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Five ways to keep your BlackBerry secure

Improve your handset's security with these tips

RIM, or BlackBerry, may have the reputation of making some of the most secure handheld devices on the market, but no amount of functions can prevent a careless user from making their smartphone paradise for hackers. We've got five tips to help you secure your BlackBerry and ensure it's 'for your eyes only'.

When it comes to secure mobile phones, BlackBerry has gained a reputation as one of the 'most secure' handheld devices and mobile platforms available.

That's largely due to RIM's BlackBerry Enterprise Server (BES) software for corporate email deployments, which has earned high-level security certifications from some of the world's most demanding information-security organisations, including the US National Institute of Standards and Technology (NIST), Canada's Communication Security Establishment (CSE) and the UK's Communications Electronic Security Group (CESG), among others.

That's all fine and good for corporations looking to secure infrastructure and resources associated with their BlackBerry deployments. But no amount of security certifications can make up for an uninformed and/or careless BlackBerry user.

That's why, as a BlackBerry smartphone owner, you need to do your part to keep your device, and all the information on it, secure; whether you're a corporate BlackBerry user on a BES or a BlackBerry Internet Service (BIS) customer, you can manage a number of quick and easy security safeguards on your own... and you'd be wise to do so if you'd prefer that personal and/or sensitive data on your device remains 'for your eyes only'.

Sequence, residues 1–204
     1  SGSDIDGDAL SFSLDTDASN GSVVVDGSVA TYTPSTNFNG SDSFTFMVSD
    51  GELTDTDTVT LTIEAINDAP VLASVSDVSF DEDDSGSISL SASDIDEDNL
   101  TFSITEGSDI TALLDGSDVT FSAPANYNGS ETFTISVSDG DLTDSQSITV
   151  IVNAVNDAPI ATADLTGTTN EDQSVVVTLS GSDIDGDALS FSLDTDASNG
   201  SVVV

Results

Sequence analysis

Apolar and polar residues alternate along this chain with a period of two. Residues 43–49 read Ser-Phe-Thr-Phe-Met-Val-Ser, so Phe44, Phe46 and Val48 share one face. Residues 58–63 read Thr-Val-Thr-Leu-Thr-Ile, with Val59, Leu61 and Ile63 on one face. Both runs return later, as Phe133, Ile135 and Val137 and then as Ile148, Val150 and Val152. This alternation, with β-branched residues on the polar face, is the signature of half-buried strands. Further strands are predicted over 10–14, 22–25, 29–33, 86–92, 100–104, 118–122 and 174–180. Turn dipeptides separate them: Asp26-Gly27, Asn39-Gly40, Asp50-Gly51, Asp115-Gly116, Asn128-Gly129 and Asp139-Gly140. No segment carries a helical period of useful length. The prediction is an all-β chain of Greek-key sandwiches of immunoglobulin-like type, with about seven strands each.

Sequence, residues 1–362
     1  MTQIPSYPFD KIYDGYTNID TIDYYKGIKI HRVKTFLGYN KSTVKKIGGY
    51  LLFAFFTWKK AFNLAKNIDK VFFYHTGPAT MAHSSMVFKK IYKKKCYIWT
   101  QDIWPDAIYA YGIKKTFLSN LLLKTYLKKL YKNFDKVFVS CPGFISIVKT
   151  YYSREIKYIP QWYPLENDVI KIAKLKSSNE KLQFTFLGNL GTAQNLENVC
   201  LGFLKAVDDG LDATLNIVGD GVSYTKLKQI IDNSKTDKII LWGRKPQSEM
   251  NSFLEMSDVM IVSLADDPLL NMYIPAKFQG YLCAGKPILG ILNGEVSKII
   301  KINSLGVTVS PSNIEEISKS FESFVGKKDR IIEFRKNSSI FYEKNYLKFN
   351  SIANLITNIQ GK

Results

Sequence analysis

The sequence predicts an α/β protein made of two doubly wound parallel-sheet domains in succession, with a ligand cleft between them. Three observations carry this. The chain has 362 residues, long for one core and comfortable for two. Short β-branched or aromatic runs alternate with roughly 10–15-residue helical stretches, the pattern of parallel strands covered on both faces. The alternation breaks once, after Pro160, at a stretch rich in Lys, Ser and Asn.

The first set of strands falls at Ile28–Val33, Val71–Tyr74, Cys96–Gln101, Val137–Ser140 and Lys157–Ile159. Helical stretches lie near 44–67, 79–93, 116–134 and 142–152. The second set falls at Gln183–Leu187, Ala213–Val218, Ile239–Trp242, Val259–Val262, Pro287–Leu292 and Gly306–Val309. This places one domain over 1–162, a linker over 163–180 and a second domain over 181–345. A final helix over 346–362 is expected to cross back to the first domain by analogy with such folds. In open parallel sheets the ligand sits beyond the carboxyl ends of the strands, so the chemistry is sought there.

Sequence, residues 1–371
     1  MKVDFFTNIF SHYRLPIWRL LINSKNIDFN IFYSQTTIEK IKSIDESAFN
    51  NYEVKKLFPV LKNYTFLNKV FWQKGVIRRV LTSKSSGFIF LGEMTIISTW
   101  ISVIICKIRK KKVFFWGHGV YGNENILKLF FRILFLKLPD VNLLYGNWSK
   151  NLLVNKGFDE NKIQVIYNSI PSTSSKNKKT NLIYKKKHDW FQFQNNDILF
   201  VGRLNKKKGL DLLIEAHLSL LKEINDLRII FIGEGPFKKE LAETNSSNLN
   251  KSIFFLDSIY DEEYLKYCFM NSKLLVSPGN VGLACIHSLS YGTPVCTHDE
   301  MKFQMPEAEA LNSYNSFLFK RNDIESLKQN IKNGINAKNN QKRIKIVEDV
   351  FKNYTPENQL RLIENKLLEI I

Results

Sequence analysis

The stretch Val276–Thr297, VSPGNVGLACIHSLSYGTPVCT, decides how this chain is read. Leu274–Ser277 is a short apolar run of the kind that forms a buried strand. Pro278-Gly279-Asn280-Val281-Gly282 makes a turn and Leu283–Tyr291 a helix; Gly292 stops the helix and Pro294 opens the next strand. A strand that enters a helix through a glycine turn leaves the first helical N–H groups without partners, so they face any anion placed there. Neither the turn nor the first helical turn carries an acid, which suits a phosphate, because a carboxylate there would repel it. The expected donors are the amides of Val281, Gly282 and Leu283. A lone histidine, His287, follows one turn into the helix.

Here's a detailed list of five tips you can use to reinforce your BlackBerry smartphone's security protections - and perhaps reduce future headaches associated with a lost or stolen BlackBerry.

1. Password, password, password... one more time: password

If your corporate BlackBerry administrator doesn't enforce a password policy on your device or you're a consumer BlackBerry user on BIS, the very first thing you should do with your smartphone is enable password-protection.

This is probably the single most important - and effective - BlackBerry security tip that anyone can offer you.

After all, there's little an average perpetrator can do with a locked-down BlackBerry, besides erase its contents.

To enable a new password for your BlackBerry smartphone, simply open your BlackBerry Options menu, then scroll down to and click the word Password.

Select the Password field and then enable the option via the corresponding pop-up box.

From there, hit your BlackBerry Escape key - located directly to the right of your track ball or trackpad - save your changes when prompted and then enter your new BlackBerry password.

After typing the new password once, you'll be prompted to confirm your selection. Verify the password by typing it again, and your BlackBerry will be properly locked down. Just type your password again to unlock the device.

Employing a password that's easy to guess and/or determine defeats the purpose of password-protecting your device; pick a random password that isn't the word 'password' or your birthday, etc.

(Your BlackBerry password must be at least four characters.)

And don't store that password anywhere on your BlackBerry, unless it's in the built-in password keeper app - more on that in a minute.

After enabling a BlackBerry password, you gain access to a number of related security options on the same screen.

For instance, you can specify the number of failed password attempts you'd like to permit before your device locks itself down; you can pick a Security Timeout period for how long your device should remain unlocked before enabling the password; and you can choose to require a password whenever new applications are installed, to prevent apps from being installed without your knowledge.

NEXT PAGE: Encrypt BlackBerry device data

  1. Improve your handset's security with these tips
  2. Encrypt BlackBerry device data
  3. Locking down BlackBerry Bluetooth security
  4. Protect passwords and other sensitive on-device data



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